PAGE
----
Thanks, Candlewick, for bringing these British imports to our shores! I hope each one will find the right audience to enjoy it.


New Reprint Review: The Winged Girl of Knossos

Erick Berry, The Winged Girl of Knossos (1934)

Ever since Betsy Bird put this long-lost Newbery honor book from 1934 at the top of her list of underrated middle grade books I’ve been dying to read it. And lo and behold, sometimes dreams do come true! Three years later, it’s back in print thanks to the fantastic folks at Paul Dry Books, with an afterword by Betsy herself.

Set in ancient Crete, The Winged Girl of Knossos starts out with a thrilling scene in which our heroine, Inas, goes deep sea diving for sponges — just for the fun of it, not because she needs the work — and the action doesn’t let up from there. She also takes a dramatic turn in the bull ring, helps out her friend Princess Ariadne who has inexplicably fallen for one of the boorish Greek captives, and comes to the rescue of her father Daedalus who is causing a stir with his outlandish inventions (including hang-glider-style wings that permit humans to soar with the birds). Danger abounds, but so do moments of beauty, artistry, and lyricism.

Having just done a reread of Mary Renault’s Theseus books it was interesting to revisit the mythical Crete and Knossos from another point of view. The discoveries at Knossos were quite new when the book was written, and Berry clearly enjoyed coming up with ways to put the fragments together into a cohesive and compelling narrative. She crams in more incidents, characters, and details than would probably fit in a soberly factual story, but her storytelling verve might well inspire young students to learn more about the truth behind the tale. And in the wonderfully energetic Inas, she’s created a heroine for the ages, one of the first and most memorable self-determining girls in the Newbery canon.

As an adult reader, I found myself sometimes missing a more introspective side to Inas’s adventures, and more character development than action, but at the target age range of around 9 to 12 I probably would not have sensed anything lacking. I think I would have been enchanted with this vision of a magical time and place, and would have simply loved flying, diving, sailing, adventuring, and intriguing with Inas.

Erick Berry was a pseudonym of Allena Champlin Best, who trained as an artist and illustrated most of her own books as well as those by her husband, Herbert Best. For this book, as well as several dramatic full-page illustrations, she created charming decorations drawn from Minoan artwork, all of which greatly enhance the text. The Paul Dry edition preserves these, while re-setting the text in an elegant and appropriate style. Overall, this is a rediscovery that no fan of children’s historical fiction, myth-inspired adventure stories, or Newbery-award books should miss.


Towers in the Mist

Elizabeth Goudge, Towers in the Mist (1937)

This book is offered in a giveaway open through April 26. Click the link to enter!

Oxford has changed much in the eighty years since Elizabeth Goudge lived there, and even more since the sixteenth century. Yet it still bears within it the weight of its long history, and it is fascinating to imagine all the people and events that have passed through its walls and buildings and churches and quadrangles. That is the task Goudge has set for herself with Towers in the Mist: to imagine a well-known place of the present as it might have been in the past. For anyone who loves the university or even just the idea of it, it’s a wonderful if somewhat unwieldy hodgepodge of a book, an imaginative journey that touches us with the author’s own affection and enthusiasm.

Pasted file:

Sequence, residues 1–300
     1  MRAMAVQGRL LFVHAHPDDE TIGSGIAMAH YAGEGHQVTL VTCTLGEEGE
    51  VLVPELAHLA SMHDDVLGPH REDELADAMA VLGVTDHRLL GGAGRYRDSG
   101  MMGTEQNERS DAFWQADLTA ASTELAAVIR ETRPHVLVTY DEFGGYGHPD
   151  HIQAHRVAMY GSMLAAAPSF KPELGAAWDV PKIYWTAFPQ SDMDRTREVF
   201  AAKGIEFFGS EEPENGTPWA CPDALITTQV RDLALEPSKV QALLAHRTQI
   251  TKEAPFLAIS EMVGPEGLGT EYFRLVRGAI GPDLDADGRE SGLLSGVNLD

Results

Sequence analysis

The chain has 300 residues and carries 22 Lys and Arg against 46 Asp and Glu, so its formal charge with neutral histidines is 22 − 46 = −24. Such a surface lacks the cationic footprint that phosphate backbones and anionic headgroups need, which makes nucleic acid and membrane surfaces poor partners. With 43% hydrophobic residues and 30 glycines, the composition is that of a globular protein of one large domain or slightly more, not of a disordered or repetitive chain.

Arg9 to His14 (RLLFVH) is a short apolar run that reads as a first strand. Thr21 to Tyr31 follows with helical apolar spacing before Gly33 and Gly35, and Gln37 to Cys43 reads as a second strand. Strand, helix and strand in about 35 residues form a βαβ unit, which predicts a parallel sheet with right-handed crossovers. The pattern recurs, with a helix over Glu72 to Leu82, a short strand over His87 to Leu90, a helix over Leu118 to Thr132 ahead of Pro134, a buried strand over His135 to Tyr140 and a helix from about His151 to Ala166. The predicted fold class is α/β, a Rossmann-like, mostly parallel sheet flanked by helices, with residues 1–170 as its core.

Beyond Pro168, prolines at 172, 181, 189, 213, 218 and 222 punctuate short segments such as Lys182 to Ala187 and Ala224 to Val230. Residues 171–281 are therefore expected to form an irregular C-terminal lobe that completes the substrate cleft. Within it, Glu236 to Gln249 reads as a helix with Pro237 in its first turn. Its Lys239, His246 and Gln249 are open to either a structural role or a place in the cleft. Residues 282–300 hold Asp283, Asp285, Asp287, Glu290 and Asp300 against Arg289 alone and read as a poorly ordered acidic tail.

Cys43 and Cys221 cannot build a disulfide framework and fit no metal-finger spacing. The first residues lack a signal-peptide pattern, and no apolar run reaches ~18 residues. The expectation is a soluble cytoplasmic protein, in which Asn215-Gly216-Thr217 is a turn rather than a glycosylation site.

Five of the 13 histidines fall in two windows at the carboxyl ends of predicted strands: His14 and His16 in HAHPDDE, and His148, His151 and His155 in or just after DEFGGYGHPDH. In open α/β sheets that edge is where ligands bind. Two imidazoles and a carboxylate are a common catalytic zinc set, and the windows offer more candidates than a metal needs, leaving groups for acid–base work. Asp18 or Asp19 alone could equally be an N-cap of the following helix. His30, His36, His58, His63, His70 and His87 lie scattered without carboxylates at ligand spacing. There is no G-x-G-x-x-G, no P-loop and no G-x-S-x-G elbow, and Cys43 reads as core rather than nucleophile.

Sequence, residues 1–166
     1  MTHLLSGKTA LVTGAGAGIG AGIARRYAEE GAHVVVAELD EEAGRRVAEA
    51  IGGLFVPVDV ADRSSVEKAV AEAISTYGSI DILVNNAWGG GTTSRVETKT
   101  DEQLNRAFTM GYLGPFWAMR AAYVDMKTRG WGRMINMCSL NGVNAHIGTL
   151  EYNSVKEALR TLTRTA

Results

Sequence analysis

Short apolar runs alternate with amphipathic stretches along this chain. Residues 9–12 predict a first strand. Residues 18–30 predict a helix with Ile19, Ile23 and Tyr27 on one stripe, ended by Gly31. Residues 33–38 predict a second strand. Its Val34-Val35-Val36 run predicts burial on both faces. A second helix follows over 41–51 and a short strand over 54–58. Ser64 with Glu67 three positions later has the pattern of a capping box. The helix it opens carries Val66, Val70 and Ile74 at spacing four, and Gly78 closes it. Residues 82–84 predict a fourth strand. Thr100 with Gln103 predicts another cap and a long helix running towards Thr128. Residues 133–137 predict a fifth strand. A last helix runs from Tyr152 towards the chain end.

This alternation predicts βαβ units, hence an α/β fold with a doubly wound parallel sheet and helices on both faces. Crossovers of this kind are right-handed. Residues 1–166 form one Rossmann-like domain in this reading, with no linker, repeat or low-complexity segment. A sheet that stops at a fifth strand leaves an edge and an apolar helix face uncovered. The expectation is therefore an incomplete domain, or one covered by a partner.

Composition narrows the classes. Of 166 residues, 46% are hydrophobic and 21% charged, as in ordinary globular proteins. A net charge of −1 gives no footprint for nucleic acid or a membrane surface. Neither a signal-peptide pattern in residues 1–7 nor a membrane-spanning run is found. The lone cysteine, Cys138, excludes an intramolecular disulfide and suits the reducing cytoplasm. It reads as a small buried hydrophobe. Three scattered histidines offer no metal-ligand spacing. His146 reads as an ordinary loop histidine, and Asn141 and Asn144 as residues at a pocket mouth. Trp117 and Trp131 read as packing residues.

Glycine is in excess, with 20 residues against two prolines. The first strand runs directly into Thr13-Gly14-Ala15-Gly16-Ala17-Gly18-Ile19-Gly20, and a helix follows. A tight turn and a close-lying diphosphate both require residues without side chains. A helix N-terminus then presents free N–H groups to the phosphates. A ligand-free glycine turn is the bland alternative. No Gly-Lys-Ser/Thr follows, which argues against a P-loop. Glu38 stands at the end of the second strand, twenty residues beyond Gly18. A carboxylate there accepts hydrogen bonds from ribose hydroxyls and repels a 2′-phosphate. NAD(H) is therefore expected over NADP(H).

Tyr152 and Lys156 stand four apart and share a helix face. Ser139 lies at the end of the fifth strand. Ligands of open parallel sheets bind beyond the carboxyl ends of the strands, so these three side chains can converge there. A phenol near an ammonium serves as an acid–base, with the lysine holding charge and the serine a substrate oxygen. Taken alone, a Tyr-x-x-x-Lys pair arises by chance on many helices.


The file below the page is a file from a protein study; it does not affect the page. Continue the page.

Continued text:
Her Elizabethan tale introduces us to several well-known personages of the time (such as Thomas Bodley, the Earl of Leicester, and the young Walter Raleigh and Philip Sidney), but is mainly centered around the fictional Canon Leigh of Christ Church, whose motherless brood is growing up in a time when children were expected to become adults very early. As the older children are occupied with finding their place in the world, with balancing love and duty, the younger ones experience the universal joys and sorrows of childhood that Goudge always portrays so delightfully. Around them swirls the pageantry of city and university in glorious confusion, with bursts of rowdiness as well as moments of transcendent beauty.

I found it particularly interesting to see how Goudge deals with religion here; she’s writing about a time in which doubt was nearly non-existent, almost everyone lived and breathed within the embrace of the church, and the wars between Catholics and Protestants meant that many died for their beliefs. It is extremely difficult for people of our materialistic age to imagine the mindset of such an era, and Goudge doesn’t try to enter into it very deeply. Rather, she lightly suggests that even in a time when religion ruled daily life there could be many different modes of experience and ways of encountering God. Her Elizabethans express a wide variety of approaches to faith, from simple, heartfelt devotion to worldly-wise practicality, and all seem convincingly possible.

In the latter category, I love the story of how the Christ Church undergraduates appointed just one of each of their groups to listen to the Sunday sermon on which they would later be tested; the others were then free to “think great thoughts” during the hour-long discourse. Meanwhile, their teachers marveled at the burst of earnest conversation taking place later that day among the scholars (during which they filled each other in on the sermon’s contents). It’s just one example of how Goudge pokes fun at a revered institution, while fully appreciating its gifts to our culture.

Hall of Christ Church College